Levels of Sustainable Home Building

Next, we need to sort out the world of green building classification. There’s a lot going on. Different organizations have their own sets of rules, regulations and certifications for custom home building, but they’re all focused on reducing waste, using sustainable materials, preserving resources and promoting the health of the people living inside.

In an effort to help homeowners reduce their energy consumption and carbon footprint while making homes more comfortable, durable and healthy, the BC Government has introduced the BC Energy Step Code. The Code is an optional compliance path today, but the provincial government is slowing moving towards making certain aspects required. As you’ll see, many of the BC Energy Step Code goals and regulations overlap with these various green building certifications:

comfortable living room with chandelier and wood

Take some time exploring these different levels of certification to see what will work best for your family. Maybe you want to pursue one specific certification, or maybe you want to combine certain practices and elements from each. Either way, be sure to consult with your home builder every step of the way.


Built Green Canada is an organization that offers third-party certification for single family homes and renovations. BUILT GREEN® homes are healthy, durable homes with low environmental impact and operating costs. Plus, the organization offers mortgage rebates and a competitive advantage when it comes to home building and purchasing. And at 45,000 homes and counting, it’s the most widely followed green home building certification in the country.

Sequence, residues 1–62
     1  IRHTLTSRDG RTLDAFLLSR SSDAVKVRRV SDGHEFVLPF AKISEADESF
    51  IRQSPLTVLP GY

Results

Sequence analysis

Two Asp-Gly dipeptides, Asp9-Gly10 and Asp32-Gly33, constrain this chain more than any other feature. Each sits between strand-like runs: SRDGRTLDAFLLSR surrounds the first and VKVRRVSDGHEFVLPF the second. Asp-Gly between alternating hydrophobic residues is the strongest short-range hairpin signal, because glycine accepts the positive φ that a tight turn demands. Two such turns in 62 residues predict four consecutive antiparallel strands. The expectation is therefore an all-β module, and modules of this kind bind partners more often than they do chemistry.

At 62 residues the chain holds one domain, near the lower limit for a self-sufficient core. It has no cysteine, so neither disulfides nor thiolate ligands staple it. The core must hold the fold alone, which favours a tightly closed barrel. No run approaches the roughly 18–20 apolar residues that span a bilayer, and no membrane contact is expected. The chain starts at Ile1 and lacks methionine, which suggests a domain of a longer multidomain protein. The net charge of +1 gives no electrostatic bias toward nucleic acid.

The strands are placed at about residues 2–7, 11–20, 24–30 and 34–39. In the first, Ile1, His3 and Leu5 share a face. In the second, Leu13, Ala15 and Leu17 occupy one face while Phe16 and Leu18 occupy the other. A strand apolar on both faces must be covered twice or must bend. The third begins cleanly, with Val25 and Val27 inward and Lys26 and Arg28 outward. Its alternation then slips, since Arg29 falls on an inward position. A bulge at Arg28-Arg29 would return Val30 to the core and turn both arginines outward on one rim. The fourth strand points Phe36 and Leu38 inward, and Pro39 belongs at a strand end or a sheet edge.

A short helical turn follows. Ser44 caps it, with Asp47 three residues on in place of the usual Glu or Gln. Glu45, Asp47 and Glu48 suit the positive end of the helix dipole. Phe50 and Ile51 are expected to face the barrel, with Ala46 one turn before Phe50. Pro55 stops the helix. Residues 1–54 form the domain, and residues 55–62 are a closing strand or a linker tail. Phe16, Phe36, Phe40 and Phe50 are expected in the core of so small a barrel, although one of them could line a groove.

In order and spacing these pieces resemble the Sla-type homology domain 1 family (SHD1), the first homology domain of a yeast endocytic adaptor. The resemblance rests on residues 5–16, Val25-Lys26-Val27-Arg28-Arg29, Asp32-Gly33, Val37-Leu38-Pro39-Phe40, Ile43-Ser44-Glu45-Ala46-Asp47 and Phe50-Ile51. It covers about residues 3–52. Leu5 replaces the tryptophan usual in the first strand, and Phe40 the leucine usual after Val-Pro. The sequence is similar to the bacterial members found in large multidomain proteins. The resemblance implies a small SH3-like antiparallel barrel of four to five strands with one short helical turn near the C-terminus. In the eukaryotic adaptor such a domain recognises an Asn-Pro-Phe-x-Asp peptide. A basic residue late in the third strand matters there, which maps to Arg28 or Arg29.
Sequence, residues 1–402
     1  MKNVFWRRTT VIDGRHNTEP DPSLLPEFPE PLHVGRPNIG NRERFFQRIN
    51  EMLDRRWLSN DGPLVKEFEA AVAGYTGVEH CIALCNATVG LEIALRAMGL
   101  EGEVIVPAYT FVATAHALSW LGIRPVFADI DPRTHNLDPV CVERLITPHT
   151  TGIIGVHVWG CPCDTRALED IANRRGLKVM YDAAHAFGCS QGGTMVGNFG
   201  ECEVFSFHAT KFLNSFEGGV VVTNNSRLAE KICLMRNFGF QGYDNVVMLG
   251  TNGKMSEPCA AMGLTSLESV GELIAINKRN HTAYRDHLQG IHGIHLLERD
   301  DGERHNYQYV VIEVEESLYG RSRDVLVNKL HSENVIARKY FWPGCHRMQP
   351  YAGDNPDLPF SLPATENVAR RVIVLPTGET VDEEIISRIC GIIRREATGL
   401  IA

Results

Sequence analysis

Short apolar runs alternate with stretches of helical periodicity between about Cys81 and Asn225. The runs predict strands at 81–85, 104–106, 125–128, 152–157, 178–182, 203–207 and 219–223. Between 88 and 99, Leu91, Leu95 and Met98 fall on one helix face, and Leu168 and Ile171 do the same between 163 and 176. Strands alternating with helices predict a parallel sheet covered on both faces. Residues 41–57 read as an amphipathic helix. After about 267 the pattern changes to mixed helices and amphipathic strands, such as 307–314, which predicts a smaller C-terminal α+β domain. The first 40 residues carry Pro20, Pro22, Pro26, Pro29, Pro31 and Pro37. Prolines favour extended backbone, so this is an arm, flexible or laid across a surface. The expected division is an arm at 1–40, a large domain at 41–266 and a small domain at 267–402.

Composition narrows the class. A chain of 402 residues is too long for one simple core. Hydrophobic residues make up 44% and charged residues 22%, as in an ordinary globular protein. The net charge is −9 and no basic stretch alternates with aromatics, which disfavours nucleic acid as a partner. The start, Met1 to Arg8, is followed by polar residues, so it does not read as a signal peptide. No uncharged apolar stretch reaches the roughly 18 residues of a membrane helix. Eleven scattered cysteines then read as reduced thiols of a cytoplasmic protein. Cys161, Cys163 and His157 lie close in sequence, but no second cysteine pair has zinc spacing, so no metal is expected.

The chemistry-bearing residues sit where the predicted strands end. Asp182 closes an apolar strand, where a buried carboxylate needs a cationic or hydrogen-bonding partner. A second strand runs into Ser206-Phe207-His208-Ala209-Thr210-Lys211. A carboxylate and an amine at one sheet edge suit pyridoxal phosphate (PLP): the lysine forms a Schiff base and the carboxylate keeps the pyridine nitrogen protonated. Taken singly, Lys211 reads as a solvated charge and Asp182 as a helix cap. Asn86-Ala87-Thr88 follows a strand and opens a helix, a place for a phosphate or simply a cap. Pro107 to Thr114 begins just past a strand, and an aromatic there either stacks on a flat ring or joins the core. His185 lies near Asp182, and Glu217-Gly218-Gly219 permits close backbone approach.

This certification comes as a two-for-one, with an EnerGuide label and a BUILT GREEN® label. These certify both the energy efficiency of the home along with its green features. You can find these labels typically affixed to the furnace or electrical panel.

floor plans of house

In order to be certified BUILT GREEN®, your home must tick these seven boxes:

    • Energy & Envelope
    • Materials & Methods
    • Indoor Air Quality
    • Ventilation
    • Waste Management
    • Water Conservation
    • Business Practices

BUILT GREEN® homes adhere to the BC Energy Step Code in each of these seven areas, offering five different tiers of certification depending on how efficiently and sustainably the home is built. Visit their website to learn more about the BUILT GREEN® certification.


A net zero home is able to generate its own energy in order to completely offset the energy use of the home. As a result, the net carbon footprint is zero. While net zero homes can certainly produce carbon emissions and emit greenhouse gases, the homes reduce these emissions in other areas by the same amount or more.

In order to achieve Net Zero, builders have to consider construction at every stage and in every corner — it’s not as simple as slapping a few solar panels on the roof.

Different techniques and materials, from the windows to the insulation to the roof are used to generate consistent temperatures throughout, prevent drafts, and filter indoor air.

modern home with wood pillars

Aside from being completely sustainable and excellent for the environment, Net Zero homes will save you a bundle in the long run. Your utility bills will plummet, and make you immune to rising energy costs in the future.